Next, difficult as this may be, learn to refrain as much as possible from interfering to settle your children’s fights. True, it is your responsibility to teach your children not to fight; but this cannot be accomplished by intervening while any fighting is going on. Find another time for working out with your children ways and means of settling their difficulties peacefully.

But couldn’t one child take unfair advantage of another child, when we remove ourselves in this way? Perhaps. But we haven’t a hope of supervising matters to everyone’s satisfaction so as to make everything always completely fair; we might as well give up such unrealistic efforts.

In the case of a bigger child actually persecuting a smaller child, we must interfere, for both their sakes, and teach our children that persecution of the weak won’t be tolerated. But otherwise we should exercise self-control, and not interfere in normal sibling squabbles and tussles. We have to keep in mind that we can’t always be around to protect our children from life’s give and take. Sooner or later, they’re bound to meet up with unfairness and unkindness; exposure to rough and tumble treatment may be necessary and valuable if they are to learn to tolerate life’s difficulties.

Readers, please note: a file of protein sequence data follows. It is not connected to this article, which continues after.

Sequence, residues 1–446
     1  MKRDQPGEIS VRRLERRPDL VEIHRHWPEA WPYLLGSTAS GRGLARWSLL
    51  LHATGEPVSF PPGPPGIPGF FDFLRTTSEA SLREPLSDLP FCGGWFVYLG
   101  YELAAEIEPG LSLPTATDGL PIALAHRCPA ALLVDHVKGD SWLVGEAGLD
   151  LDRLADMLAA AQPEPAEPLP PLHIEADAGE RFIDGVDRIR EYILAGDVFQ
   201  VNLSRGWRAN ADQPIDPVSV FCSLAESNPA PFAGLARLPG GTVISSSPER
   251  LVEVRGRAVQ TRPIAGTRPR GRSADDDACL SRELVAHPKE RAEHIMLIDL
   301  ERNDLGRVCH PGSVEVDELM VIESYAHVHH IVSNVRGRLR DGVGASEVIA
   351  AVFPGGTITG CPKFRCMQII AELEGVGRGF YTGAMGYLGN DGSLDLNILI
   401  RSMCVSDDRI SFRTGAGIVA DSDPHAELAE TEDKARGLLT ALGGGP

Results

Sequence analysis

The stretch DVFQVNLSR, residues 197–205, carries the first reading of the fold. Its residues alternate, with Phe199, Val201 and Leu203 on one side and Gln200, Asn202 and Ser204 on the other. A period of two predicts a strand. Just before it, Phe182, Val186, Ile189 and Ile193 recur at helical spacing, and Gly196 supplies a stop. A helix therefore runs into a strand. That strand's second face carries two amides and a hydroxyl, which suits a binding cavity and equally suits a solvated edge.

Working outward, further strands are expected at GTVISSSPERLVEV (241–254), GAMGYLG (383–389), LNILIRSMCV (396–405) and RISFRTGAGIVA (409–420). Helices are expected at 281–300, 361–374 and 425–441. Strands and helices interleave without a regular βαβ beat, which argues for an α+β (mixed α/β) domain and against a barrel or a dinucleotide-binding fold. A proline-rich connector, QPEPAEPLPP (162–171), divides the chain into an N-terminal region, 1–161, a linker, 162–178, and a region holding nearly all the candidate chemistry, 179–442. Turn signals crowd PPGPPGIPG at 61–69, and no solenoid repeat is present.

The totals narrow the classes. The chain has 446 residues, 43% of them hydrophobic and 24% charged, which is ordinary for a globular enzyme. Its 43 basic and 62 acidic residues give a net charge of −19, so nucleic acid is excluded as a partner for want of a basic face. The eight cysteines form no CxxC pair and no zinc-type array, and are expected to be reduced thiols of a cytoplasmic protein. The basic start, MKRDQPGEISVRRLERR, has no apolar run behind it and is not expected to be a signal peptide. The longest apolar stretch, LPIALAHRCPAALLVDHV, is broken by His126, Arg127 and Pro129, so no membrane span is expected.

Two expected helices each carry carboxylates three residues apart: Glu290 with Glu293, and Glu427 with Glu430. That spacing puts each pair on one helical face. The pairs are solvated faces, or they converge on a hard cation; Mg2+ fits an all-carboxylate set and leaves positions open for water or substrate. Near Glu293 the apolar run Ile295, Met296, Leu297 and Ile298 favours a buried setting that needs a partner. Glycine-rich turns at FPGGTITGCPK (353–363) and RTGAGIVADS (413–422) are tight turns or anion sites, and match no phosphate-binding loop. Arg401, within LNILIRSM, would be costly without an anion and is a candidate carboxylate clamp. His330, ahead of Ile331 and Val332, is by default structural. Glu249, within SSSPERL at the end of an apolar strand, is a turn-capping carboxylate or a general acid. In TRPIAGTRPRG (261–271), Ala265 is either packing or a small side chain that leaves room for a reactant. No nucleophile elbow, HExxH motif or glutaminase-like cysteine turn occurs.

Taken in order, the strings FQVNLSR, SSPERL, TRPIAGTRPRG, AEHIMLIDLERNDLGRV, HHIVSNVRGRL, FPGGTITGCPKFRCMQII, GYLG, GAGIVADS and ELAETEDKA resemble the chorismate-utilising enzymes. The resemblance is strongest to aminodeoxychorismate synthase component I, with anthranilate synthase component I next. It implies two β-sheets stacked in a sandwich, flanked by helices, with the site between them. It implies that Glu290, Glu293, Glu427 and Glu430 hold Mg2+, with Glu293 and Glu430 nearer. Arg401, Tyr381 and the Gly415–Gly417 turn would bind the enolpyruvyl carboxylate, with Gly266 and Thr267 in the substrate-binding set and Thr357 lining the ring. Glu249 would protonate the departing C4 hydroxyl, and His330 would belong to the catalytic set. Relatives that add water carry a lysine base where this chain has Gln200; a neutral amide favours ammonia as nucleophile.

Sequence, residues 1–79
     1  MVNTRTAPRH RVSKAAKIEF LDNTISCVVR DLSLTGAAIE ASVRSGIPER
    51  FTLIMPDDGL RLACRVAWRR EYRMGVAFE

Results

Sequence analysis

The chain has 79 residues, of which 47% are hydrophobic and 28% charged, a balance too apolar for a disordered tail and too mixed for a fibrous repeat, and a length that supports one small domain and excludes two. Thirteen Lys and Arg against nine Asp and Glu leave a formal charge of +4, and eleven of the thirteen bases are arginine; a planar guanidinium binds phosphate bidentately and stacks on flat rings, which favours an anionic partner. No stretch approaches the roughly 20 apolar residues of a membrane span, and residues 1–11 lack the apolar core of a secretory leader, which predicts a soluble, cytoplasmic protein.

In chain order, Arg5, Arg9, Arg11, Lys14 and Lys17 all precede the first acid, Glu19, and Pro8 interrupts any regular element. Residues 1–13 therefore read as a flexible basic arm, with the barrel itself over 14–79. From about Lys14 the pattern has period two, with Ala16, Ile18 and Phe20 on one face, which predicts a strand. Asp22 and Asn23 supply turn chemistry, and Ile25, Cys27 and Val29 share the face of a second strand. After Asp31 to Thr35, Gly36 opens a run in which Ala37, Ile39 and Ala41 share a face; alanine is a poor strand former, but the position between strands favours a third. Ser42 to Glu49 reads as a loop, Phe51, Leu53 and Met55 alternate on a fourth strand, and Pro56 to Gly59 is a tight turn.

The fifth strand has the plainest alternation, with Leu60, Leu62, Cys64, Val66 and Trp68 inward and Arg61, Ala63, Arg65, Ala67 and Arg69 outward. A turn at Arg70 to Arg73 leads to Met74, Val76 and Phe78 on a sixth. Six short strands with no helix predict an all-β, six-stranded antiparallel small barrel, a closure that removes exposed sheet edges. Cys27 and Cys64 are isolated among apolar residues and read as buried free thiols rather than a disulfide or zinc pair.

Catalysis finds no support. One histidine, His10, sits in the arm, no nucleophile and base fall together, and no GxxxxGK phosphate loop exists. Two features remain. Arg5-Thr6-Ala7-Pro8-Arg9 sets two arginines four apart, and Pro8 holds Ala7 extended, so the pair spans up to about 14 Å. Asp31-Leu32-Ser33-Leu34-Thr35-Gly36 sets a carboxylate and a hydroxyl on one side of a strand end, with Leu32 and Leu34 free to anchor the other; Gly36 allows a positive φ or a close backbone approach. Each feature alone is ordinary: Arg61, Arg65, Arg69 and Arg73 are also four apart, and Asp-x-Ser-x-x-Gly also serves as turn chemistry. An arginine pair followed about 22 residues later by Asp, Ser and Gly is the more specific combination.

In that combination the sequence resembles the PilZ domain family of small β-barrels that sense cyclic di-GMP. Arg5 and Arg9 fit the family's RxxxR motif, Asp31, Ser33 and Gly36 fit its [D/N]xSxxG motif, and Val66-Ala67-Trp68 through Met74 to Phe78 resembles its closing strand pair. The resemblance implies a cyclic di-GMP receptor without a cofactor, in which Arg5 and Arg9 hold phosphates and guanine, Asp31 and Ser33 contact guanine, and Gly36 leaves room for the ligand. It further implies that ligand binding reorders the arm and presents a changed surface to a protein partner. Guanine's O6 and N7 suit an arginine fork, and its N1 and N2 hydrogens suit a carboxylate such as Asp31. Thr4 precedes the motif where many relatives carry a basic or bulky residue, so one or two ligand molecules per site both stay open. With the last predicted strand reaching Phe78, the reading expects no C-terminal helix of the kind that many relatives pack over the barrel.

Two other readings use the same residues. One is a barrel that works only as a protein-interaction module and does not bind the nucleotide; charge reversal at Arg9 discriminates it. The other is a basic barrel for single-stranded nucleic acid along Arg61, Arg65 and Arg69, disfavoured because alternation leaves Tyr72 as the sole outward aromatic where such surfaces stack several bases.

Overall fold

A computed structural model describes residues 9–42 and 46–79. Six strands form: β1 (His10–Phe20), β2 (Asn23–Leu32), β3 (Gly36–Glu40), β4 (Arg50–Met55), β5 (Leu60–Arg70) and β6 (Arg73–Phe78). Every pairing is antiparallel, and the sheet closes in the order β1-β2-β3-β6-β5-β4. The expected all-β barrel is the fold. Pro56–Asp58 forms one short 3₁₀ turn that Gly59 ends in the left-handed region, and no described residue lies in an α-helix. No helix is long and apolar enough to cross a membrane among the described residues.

If until now you’ve tried to settle your children’s fights for them, explain that from now on you’ll no longer interfere because you want them to learn to resolve their own conflicts. Now when you hear the usual agitated voices, resist the urge to run in to see what happened. Instead, calmly go about your business as usual. (How often we’ve dashed in frantically, only to discover that those ear-piercing screams were nothing more than acts which the child put on for our benefit -- just to get us to come running, and, at the same time, powerfully impress us with how horribly he was being treated so as to get our protection as the victim!)

For instance, when one child comes to complain, “It’s not fair -- he’s always starting up!” or when another runs in crying, “She called me stupid and said she’d tell her friends not to play with me!” tell him, “I’m really sorry that you’re fighting. See if you can find a peaceful way to settle it by yourselves,” or, “I have confidence that you can settle this quietly.” The children must not conclude that you’ve suddenly become indifferent to their fighting. Convey to them that, quite the contrary, you care very much; but for the good of all you no longer mix in. Avoid responses such as, “I’m not getting into this -- you kids have to settle it by yourselves,” as these sound uncaring. If a child does complain that you don’t seem to care, you can answer, “I do care, but right now it’s better that you try to settle matters between yourselves. We’ll talk about it some more later.”